Green roofs seem to be sprouting up all over the place.
In fact, some high profile green roof projects have been garnering major media attention lately. Facebook’s new office building in Menlo Park, CA, features a nine-acre green roof with a walking path and more than 400 trees. A defunct Silicon Valley retail space, the Vallco Shopping Mall in Cupertino, CA, is also in the news with its plans for a $3 billion makeover, at the center of which is a 30-acre green roof — which will be the largest green roof in the world. Designed as a community park, the roof will include an orchard, vineyard, almost four miles of trails.
Attorney John-Patrick Curran — of Sive, Paget & Riesel P.C. in New York City, who advises major developers about a wide variety of environmental issues, including regulations around green roofs — told Construction Dive the concept is really nothing new. In fact, he said, Washington, DC, has been using green roofs on public and commercial buildings for nearly a century.
"Some of the buildings have green roofs that haven’t been replaced since the 1930s," Curran said.
Green roof elements
So what is a green roof exactly? There are two basic types of green roofs — intensive and extensive. An extensive green roof system uses low-lying plants, creates a light roof load and requires less maintenance than its high-profile counterpart, the intensive green roof, which can include trees, shrubs and heavier architectural features. Both types are most easily installed on flat roofs.
Once a standard roof is in place, up to the waterproof membrane, according to Michael Whitfield, owner of Green Roof Outfitters (GRO) in Charleston, SC, then the green roof installation can begin via a traditional or modular system. Traditional systems require an experienced installer to stack a drainage mat, root layer, soil, and, finally, the plants on the existing roof. Modular systems, however, like GRO's, come in self-contained trays, fully planted, and ready to place anywhere.
A modular system, Whitfield told Construction Dive, allows a faster, neater install and is much easier to remove in cases of redesign or if someone needs to get at the underlying roof structure for repairs; but either system will provide the benefits.
As for licensing or building codes, neither Curran nor Whitfield have encountered any special requirements for green roofs, since the structural elements are already in place before the green roof installation.
"There are no real specific codes associated with those things," Curran said, "other than, of course, the general need to have them not fly off the roof."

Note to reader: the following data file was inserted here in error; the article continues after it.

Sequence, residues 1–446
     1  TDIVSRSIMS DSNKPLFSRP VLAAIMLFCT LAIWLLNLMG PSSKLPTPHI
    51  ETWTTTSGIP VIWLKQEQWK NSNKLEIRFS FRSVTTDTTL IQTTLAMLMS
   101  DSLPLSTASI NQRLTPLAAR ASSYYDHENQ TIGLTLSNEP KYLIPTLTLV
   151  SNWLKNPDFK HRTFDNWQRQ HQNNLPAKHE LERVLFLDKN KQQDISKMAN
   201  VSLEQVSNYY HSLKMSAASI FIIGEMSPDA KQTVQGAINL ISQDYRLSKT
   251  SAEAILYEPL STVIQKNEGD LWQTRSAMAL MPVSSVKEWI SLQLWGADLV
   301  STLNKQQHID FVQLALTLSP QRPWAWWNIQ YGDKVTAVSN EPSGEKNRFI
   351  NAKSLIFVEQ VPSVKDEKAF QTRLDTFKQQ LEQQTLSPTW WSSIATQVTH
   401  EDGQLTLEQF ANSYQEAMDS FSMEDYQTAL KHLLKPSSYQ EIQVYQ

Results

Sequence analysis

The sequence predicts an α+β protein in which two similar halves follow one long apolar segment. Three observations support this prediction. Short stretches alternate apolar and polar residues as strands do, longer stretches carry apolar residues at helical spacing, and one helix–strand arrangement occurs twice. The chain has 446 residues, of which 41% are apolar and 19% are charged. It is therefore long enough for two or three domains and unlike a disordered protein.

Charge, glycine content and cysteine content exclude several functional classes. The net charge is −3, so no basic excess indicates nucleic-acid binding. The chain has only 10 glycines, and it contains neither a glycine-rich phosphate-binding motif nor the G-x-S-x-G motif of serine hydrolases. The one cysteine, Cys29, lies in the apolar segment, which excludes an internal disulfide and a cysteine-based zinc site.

In addition, the extensive green roof — the most common version — Whitfield said, features low-profile plants installed in such a way that make them a permanent feature of the building, no more likely to get airborne during a storm than grass or plants on the ground.
Aesthetics are obviously a big factor in deciding to install a green roof, but what else makes them so popular?
According to Whitfield, a green roof will last 200%-400% longer than a standard roof. And, Curran said, owners can see energy and stormwater control savings that pay for the cost of the roof in as little as five to six years.
Green roof buildings can generate energy cost savings of 25%-50%, according to Whitfield, and can reduce wear and tear on roof-placed equipment, which benefits from the cooling effect from the plants.
But the biggest payoffs are the tax and fee incentives that many cities, including Austin, TX, Baltimore, New York, Philadelphia, and Washington, offer because of a green roof's ability to control stormwater runoff. Whitfield said the average green roof absorbs 50%-65% of average rainfall in most places, and this can save a city millions in stormwater improvements.
"They have tax incentives that help pay for it," Whitfield said, "so that’s why they do millions of square feet [of green roofs] in those cities."
What's holding them back?
With all of these benefits, why aren’t more building owners taking advantage of green roofs? Both Curran and Whitfield agreed that a lack of education about green roofs is preventing a wider implementation of the concept.
"It sounds to many like a headache," Curran said. "And I think there’s been some negative information out there about the difficulty of maintaining, the cost of maintaining, and the cost of installing them."
As for cost, Whitfield said, a typical extensive green roof system, which makes up 80% or more of all green roofs, costs between $12-$20 per square foot, including installation.
The reality, though, Curran said, is that while green roofs might cost more initially, the cost savings from energy and tax incentives can minimize that extra expense.
Whitfield said the key to wider use is getting the real data about cost, maintenance, and green roofs' effect on stormwater runoff and energy consumption into the hands of the true decision makers — architects, landscape architects, engineers and municipal officials — so that green roofs can be more regularly included in building design.
Whitfield, however, would like people to learn about the intangibles that go hand-in-hand with a green roof as well.
"It increases worker productivity, and it’s a quality of life issue for hospital patients. They might need less pain meds and get out of the hospital faster. There are all these other side benefits," he said. "Endangered bee and butterfly populations — this helps create habitat for them. There are just a lot of benefits people don’t even think about."